“This was a fantastic project for Summers-Inman to be involved in and we are delighted we were able to work so effectively with Broadland District Council and Willmott Dixon to bring in the project on time and budget.
“Summers-Inman has significant experience working across the food and beverage sector and not only is this a great scheme for the local area, but it represents an investment in the future of the industry overall. The new centre will allow companies to collaborate and that can only mean accelerated growth and shared opportunities for the sector.”
Recently open for business, the Broadland Food Innovation Centre can offer the optimum environment for innovation and growth – its bespoke facilities, specialist support, cluster membership and a community of like-minded businesses being ideally placed to help support those who are debating their next move.
The experienced business growth team, for example, is providing bespoke advice and guidance including access to specialist consultants with projects and consultants being matched via a dynamic purchasing system whereby consultants are invited to apply on a continuous basis.
Through this process, business owners have the chance to benefit from 12 hours of funded innovation support to help meet the challenge of knowing how to make the right decisions at the right time. This service is provided by project partner Hethel Innovation and forms one part of the whole Broadland Food Innovation Centre project.
Such support also helps food and beverage operators to develop the optimum support package for meeting their goals by working with the centre’s food adviser on the priorities to overcome, their challenges and how to access new opportunities by developing new products, gain market insight and review their strategies, for example.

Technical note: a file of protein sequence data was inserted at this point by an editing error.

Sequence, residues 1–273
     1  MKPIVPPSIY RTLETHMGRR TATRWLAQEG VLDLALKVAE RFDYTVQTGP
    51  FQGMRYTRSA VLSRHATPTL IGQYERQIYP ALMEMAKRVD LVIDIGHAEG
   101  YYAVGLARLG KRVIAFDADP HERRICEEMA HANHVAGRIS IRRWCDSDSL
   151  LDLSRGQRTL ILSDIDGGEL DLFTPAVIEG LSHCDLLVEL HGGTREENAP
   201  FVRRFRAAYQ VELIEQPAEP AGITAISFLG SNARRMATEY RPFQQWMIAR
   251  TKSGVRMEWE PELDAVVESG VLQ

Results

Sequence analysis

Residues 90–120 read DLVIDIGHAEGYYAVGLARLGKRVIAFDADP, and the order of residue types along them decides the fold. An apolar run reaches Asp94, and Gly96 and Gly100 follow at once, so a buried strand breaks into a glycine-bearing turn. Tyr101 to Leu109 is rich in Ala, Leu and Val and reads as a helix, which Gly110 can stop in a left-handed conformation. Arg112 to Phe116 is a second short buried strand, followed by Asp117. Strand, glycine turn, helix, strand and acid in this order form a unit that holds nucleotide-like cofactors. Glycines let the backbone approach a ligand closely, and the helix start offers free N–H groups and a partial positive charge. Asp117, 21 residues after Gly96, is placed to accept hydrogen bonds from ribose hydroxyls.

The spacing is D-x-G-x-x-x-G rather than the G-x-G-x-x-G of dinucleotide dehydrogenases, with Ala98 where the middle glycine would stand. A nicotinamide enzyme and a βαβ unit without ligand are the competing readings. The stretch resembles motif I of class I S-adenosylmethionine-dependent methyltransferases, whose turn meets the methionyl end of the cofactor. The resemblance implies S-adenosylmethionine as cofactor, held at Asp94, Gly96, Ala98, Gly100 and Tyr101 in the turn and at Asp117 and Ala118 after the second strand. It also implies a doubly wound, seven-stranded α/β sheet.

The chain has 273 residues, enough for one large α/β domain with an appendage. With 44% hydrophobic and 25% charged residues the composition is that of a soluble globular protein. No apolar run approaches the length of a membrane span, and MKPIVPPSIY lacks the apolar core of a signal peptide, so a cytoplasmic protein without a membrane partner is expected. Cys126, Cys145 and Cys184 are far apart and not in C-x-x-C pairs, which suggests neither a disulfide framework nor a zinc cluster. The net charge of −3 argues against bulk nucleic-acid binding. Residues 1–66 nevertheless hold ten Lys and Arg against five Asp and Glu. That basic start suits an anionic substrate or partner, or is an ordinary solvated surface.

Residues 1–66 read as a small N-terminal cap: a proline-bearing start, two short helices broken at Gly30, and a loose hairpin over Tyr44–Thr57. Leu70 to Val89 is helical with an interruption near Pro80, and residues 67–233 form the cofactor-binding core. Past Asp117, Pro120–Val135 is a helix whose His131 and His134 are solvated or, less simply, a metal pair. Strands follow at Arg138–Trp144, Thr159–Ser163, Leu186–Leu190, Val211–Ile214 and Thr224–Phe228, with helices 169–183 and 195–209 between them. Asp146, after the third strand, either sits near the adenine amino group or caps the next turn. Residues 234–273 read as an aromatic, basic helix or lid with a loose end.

Others may be keen to seek technical support for topics such as shelf life, process improvement or website development, and if they qualify, then the project’s £250,000 grant funding can be utilised to connect them with consultants and experts to provide focused pieces of support.
The resulting emerging cluster in Norfolk and Suffolk, managed by project partner the University of East Anglia, is beginning to link organisations interested in the commercial benefits of food innovation and the future of food and is welcoming members who are engaged with the food supply chain in the UK or internationally and focused on building resilience through innovation.
Jo Copplestone, Portfolio Holder at Broadland District Council, said: “We were delighted with the way this innovative project went – the team was well coordinated and organised throughout the delivery programme.
“We are wholly committed to creating jobs in the region and helping to facilitate growth. The new centre will not only enhance product testing and increase local agricultural output, but it also has all the makings of being able to create a firm basis for expansion of the food and beverage industry, which is very exciting.”
The project received £5.7m of funding from the European Regional Fund as part of the European Structural and Investment Funds Growth programme 2014-2020.
It was also supported by New Anglia Enterprise Partnership, which contributed £4.14m – £2.7m from HM Government Getting Building Fund and £1.44m from the New Anglia LEP Growing Places Fund.
The balance of funds and resources come from Broadland District Council, the University of East Anglia and Hethel Innovation, along with support from City College Norwich and Quadram Institute.